Buying a Car, Gas or a Home: How Everything Is Different Now

Money News & Moves: How to budget to buy a car, and the forecast for gas prices. Also, how buying a home is changing.
Hal M. Bundrick, CFP®
By Hal M. Bundrick, CFP® 
Edited by Rick VanderKnyff

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When it comes to driving these days, it's been feeling a little like, "You can't get there from here." For one thing, a typical monthly new car payment has shot up to over $700.

And it feels like it costs us about that much just to buy gas every month, am I right? How much was your first car payment? Somewhere around 200 bucks? And gas was around a buck fifty, maybe two dollars? Well, gas has eased down some from record prices, but average car payments have hit all-time highs. So good news, bad news.

Buying a house today is also fraught with good news/bad news scenarios. Buyers can negotiate more as the housing market slows — but rising interest rates are pricing some prospective homebuyers out of their budget.

Gas prices fall as oil slides to near $100 a barrel. What's the forecast?

The national average for a gallon of regular gas in the U.S. has dropped over 38 cents since hitting the all-time high of nearly $5.02 in mid-June, according to AAA. That's because oil prices briefly slipped below $100 a barrel and have remained near the century mark, after topping $120 just last month.

Lower prices could trigger increased demand — bringing back higher prices. But the government is optimistic.

The U.S. Energy Information Administration forecasts per-barrel oil prices to remain in the low $100s through the remainder of the year and to fall into the mid $90s in 2023. Of course, Russian oil production and tight supplies of oil inventory could spoil that prediction.

So it's not quite Oilmageddon. Yet.

How to save even more on fuel

  • Check out membership cards like Gas Buddy and Walmart+ for per-gallon discounts.

  • Remember to use rewards credit cards for cash back on gas purchases. (But be diligent in paying those purchases off each month, so you don't trigger interest expenses that can easily cancel out the rewards.)

  • And consider these five gas apps to sweeten your savings.

Car loan payments soar. How much should you spend?

Buying a new or used car is no bargain either. Average monthly payments on new vehicles hit a high of $712 in May, according to Cox Automotive and Moody's Analytics. Used car wholesale prices have softened recently but were still up in June by nearly 11% from one year ago, Cox/Moody's reported. However, that's down significantly from March, when used car prices were up over 23% year-over-year.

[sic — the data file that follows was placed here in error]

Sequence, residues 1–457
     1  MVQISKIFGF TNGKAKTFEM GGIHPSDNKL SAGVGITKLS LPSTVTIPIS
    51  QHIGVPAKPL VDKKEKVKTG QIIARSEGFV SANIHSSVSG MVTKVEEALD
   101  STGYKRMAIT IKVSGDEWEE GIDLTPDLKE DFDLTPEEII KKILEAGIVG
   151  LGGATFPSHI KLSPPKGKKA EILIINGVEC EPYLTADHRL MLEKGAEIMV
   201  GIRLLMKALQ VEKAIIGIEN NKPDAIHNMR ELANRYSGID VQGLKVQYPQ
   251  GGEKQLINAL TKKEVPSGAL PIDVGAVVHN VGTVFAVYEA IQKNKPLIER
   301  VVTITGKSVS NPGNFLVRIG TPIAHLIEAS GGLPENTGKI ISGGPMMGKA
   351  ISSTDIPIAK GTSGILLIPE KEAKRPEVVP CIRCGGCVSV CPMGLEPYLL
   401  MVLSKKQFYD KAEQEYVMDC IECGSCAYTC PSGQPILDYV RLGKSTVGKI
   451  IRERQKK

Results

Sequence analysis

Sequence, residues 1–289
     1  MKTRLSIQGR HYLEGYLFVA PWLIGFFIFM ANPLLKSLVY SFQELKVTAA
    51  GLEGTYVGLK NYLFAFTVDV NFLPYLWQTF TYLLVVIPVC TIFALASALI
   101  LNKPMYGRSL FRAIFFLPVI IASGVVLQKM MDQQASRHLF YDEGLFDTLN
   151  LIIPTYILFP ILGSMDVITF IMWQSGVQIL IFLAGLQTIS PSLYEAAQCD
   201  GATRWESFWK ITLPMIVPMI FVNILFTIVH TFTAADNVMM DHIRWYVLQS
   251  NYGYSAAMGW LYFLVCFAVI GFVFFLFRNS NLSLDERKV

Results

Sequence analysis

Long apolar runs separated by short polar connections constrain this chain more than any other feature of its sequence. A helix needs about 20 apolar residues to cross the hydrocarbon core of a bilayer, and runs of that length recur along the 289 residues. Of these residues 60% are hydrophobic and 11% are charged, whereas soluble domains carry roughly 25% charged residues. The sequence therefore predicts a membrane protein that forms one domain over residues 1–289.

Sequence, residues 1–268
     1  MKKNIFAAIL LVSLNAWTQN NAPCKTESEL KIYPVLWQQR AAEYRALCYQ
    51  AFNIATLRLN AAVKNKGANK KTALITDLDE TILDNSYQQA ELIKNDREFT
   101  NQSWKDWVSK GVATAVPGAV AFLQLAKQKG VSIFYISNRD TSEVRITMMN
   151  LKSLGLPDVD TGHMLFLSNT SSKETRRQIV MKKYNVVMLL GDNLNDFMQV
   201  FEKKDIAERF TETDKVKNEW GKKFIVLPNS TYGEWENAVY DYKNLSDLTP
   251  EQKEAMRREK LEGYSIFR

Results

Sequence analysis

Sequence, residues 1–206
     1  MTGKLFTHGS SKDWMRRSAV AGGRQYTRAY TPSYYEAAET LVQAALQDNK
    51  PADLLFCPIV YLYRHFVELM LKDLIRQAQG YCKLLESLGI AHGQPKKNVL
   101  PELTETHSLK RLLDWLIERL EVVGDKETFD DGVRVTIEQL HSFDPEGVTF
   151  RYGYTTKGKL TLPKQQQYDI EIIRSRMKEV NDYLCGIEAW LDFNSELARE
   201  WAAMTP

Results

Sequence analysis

How much should you spend on a car? The rule of thumb is no more than 10% of your take-home pay, with total vehicle expenses not topping 20%. Our article on how much car you can afford includes a handy calculator to help you do the math and come up with a payment you can feel good about.

Phil Reed, legendary car expert and NerdWallet columnist, goes so far as to urge readers to try and talk themselves out of buying a new car. He makes a pretty strong case. However, if a vehicle purchase is on your must-do list, use Phil's car-buying cheat sheet to help you get your best deal.

And shopping auto loan interest rates and dealer incentives are more important than ever.

Home buyers are walking away from deals

More home sales are falling through. Real estate brokerage Redfin says that some 60,000 purchase agreements were canceled in June — nearly 15% of the homes under contract for the month.

That's the highest contract cancellation rate since March and April 2020, when the pandemic roiled the real estate market.

Generally, higher mortgage rates are grinding down affordability and, as a result, sapping buyer demand.

Home purchase contingencies — such as favorable inspections and appraisals — are back in style. That's giving buyers opportunities to exit deals that slip out of budget, Redfin's deputy chief economist Taylor Marr said in a news release.

Marr added that qualified buyers still in the market are finding room to negotiate with sellers. That's something the prevailing near-coast-to-coast seller's market hasn't allowed much in recent years.

The latest measure of inflation: the worst so far this year

Finally, the latest inflation report was issued Wednesday. According to the U.S. Bureau of Labor Statistics, consumer prices rose 9.1% for the 12-month period ending in June 2022. That's the largest yearly increase in overall consumer costs since November 1981.

Energy, food and shelter costs accounted for the most significant impact on consumer prices. The government report defines "shelter" as the cost of renting a place to live; the price homeowners would have to pay if they were leasing their home; and lodging costs while traveling.

The Federal Reserve's goal of taming high prices by raising interest rates and slowing the economy is proving difficult. Last week's jobs report showed strong employment, despite ongoing expectations of a pullback.

All of this means the Fed is likely to raise short-term interest rates again — probably by at least another 0.75% — during its next meeting on July 27.